It Was 50 Years Ago Today . . .
All this hoopla about the Rolling Stones' 50th anniversary makes me yawn. For one thing, Charlie Watts didn't join until January of 1963, and without Charlie Watts, it doesn't count as the Rolling Stones in my book. Besides that, it's such a naked marketing ploy. God forbid the Stones should miss a marketing opportunity, even though they could barely get their bony billionaire asses off their Barcaloungers in time for the requisite 50th anniversary tour.
The Beach Boys, on the other hand -- that's a 50th anniversary that matters to me. Their reunion tour lasted for months and felt so positive (that is, until it crashed on the shoals of Mike Love's crazy ego). The date is a little artificial, granted -- Brian, Carl, and Dennis Wilson had been singing together, with or without cousin Mike, for years before their first single, "Surfin'," was released, technically in November 1961 but finally on a proper label in January 1962. It crept onto the bottom of the charts, followed by a bona fide hit single, "Surfin' Safari," in June 1962. And 50 years ago this October, their first album -- also called Surfin' Safari, for obvious reasons -- landed in record bins, soon cracking the top 50 on the album charts. The Beach Boys had arrived.
Gotta love the Wilson boys for sticking with that surfing theme. Next to come, in March 1963, would be -- you guessed it -- "Surfin' USA." Of course I knew all those songs; no kid with a radio could escape them. But those upbeat, jangly anthems to the beach lifestyle never really got to me. Nope, it took a ballad to convert me: a love song called (naturally) "Surfer Girl."
Now, let's think about this. Who is the lead singer for "Surfin' Safari" and "Surfin' USA"? The aforementioned Mike Love, with his nasal, sarcastic-sounding vocals. And who is the lead singer on "Surfer Girl"? Brian Wilson, his soulful tenor rising to wistful falsetto ooh's. It's the same sound as all my favorite early Beach Boys songs: "In My Room," "Don't Worry Baby," "The Warmth of the Sun." Until they finally let Carl Wilson loose with "God Only Knows," this was the sound of the Beach Boys for me.
The cockiness of those Mike Love songs put me off, but here was a tenderness, a vulnerability, I'd never before heard from this band. "Little surfer, little one / Made my heart come all undone" -- it may be a convenient rhyme, but amid those plush doo-wop harmonies, the image of heartstrings unraveling is surprisingly affecting. And the uncertainty of that question, "Do you love me / Do you, surfer girl?" well, it's Sensitive Male 101.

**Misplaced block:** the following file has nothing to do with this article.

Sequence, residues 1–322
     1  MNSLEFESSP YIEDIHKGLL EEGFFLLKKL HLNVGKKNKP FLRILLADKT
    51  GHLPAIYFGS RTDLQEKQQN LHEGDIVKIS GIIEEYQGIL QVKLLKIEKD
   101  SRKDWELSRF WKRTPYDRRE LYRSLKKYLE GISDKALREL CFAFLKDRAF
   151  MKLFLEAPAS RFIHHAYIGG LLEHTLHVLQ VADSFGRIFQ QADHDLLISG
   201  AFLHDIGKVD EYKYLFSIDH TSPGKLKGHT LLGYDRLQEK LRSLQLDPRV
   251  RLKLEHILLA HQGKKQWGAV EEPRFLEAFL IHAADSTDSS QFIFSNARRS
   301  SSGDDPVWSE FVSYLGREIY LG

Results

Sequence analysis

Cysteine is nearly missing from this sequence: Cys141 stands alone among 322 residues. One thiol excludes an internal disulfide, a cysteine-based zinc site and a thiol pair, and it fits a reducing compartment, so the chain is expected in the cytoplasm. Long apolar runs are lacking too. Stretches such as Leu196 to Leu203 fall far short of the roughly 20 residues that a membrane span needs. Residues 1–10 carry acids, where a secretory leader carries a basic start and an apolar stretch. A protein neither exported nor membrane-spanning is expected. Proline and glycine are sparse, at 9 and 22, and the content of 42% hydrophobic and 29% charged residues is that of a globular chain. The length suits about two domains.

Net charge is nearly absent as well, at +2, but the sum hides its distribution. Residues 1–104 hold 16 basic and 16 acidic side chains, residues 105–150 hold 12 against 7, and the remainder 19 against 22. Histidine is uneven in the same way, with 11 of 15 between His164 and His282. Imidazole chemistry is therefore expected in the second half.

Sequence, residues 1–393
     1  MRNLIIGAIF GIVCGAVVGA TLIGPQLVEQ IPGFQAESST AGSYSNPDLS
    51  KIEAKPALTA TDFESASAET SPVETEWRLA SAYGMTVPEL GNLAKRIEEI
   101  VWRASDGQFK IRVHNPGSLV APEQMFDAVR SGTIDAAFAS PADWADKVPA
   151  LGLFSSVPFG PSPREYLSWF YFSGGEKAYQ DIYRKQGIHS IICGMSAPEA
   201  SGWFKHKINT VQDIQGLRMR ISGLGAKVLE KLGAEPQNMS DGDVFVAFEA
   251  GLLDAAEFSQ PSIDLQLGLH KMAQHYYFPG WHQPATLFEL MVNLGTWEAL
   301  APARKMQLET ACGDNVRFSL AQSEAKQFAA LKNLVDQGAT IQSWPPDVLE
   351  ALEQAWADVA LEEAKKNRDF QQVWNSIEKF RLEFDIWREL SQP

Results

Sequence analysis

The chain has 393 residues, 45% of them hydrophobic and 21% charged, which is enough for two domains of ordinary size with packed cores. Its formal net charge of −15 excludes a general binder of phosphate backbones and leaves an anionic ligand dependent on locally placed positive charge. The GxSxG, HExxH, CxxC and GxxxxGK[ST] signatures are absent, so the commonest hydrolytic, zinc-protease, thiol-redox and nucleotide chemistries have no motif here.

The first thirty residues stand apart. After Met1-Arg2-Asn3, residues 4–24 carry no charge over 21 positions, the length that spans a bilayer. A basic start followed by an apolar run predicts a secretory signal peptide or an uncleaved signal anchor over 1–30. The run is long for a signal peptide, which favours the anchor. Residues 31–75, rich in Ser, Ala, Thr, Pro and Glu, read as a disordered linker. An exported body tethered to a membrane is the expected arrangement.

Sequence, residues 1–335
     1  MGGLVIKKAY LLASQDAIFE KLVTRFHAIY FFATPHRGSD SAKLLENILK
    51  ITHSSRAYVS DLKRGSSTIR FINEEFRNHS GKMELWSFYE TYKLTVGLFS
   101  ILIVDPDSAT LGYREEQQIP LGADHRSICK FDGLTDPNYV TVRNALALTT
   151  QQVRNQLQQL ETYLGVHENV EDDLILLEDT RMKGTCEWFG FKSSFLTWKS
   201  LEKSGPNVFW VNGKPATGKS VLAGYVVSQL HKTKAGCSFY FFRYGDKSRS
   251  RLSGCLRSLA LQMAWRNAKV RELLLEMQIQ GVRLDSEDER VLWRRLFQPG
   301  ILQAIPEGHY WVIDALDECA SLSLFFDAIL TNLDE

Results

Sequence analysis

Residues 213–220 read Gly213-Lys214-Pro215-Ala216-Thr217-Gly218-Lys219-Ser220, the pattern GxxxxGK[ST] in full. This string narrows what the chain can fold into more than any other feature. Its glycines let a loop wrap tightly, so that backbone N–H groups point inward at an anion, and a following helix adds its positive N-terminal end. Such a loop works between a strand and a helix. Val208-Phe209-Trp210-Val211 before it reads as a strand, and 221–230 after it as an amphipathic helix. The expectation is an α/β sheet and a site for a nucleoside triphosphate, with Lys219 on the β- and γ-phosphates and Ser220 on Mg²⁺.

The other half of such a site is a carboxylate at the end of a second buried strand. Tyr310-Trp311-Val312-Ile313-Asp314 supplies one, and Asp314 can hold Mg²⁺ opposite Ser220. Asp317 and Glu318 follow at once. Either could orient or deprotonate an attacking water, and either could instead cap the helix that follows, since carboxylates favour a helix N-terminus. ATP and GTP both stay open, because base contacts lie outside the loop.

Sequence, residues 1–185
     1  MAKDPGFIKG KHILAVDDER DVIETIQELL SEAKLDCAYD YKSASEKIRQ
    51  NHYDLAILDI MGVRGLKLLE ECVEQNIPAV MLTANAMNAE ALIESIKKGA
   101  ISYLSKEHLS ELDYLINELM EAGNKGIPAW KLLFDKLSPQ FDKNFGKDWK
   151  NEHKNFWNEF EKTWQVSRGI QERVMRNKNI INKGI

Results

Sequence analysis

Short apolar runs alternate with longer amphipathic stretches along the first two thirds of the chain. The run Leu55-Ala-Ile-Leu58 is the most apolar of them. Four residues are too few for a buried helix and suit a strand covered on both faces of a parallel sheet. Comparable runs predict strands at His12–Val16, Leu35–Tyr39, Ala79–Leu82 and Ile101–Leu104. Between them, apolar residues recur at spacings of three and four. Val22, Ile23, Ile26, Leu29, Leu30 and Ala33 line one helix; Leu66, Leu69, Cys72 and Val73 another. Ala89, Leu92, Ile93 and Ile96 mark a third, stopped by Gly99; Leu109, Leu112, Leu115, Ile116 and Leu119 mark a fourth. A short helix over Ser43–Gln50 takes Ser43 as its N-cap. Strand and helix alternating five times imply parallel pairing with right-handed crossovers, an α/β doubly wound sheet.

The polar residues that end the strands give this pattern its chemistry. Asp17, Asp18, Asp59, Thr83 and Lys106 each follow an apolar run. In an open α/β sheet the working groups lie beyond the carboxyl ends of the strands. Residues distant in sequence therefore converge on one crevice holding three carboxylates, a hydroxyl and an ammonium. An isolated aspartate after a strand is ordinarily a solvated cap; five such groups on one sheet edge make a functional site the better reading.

The second verse is where they really grab me. "I have watched you on the shore / Standing by the ocean's roar" -- like Ray Davies in the Kinks' "Waterloo Sunset," Brian Wilson is the wistful observing outsider. Has he ever even spoken to her? I'm voting for no. This song is saturated with the purity and loneliness of unrequited love, trembling on the threshold.
There a sweet huskiness to the bridge, as Brian drops in the requisite surf references (dig the line "In my Woody I would take you / Everywhere I go-oo-oo" -- trust Brian Wilson to turn a surfing song into a car song!). But notice that it's still in the conditional tense -- this is what he yearns to do, not what he has already done.
Cue an upward key change for verse three, as he makes his first fumbling declaration: "So I say from me to you / I will make your dreams come true." The upward surging chord changes, hopeful and heartswellingly eager -- this is Grade A American Optimism. Once again he dares to ask, "Do you love me, / Do you, surfer -- " And then, with a two-beat pause, he draws out the suspense, halting, making us wait too. Then, with an exhalation of harmonies, he sighs into "girl, surfer girl, my little surfer girl." Over and over, the voices intertwine and repeat, with the falsetto oohs soaring over them. The path from here to the aural tapestry of "Good Vibrations" is a straight shot.
The difference between this 50th anniversary and the Stones'? Or even, really, the Beatles'? This is actually what I was listening to in 1962. My brother owned all the Beach Boys albums, and our parents let us play them endlessly ("You know, they sound a heck of a lot like the Four Freshmen...") They were clean-cut, All-American boys. And for us Midwestern kids, besotted with the golden sands of Southern California, they held out an enviable dream -- one that would soon be forgotten in 1963, when the British Invasion hit.
I hold these early, pure Beach Boys songs very close to my heart. Brian Wilson was working within all the standard pop idioms, believing in them with all the innocence of his SoCal heart. Fifty years later, he still seems untarnished by cynicism. That surfer girl is still out on the far wave, and he's still on the shore, yearning.